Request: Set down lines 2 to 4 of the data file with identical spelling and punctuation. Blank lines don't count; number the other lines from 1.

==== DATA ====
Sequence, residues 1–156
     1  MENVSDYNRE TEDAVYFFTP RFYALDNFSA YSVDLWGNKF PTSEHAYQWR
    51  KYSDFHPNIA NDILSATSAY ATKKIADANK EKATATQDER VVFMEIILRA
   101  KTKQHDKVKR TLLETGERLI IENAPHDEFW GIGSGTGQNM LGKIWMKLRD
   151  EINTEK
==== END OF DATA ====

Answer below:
     1  MENVSDYNRE TEDAVYFFTP RFYALDNFSA YSVDLWGNKF PTSEHAYQWR
    51  KYSDFHPNIA NDILSATSAY ATKKIADANK EKATATQDER VVFMEIILRA
   101  KTKQHDKVKR TLLETGERLI IENAPHDEFW GIGSGTGQNM LGKIWMKLRD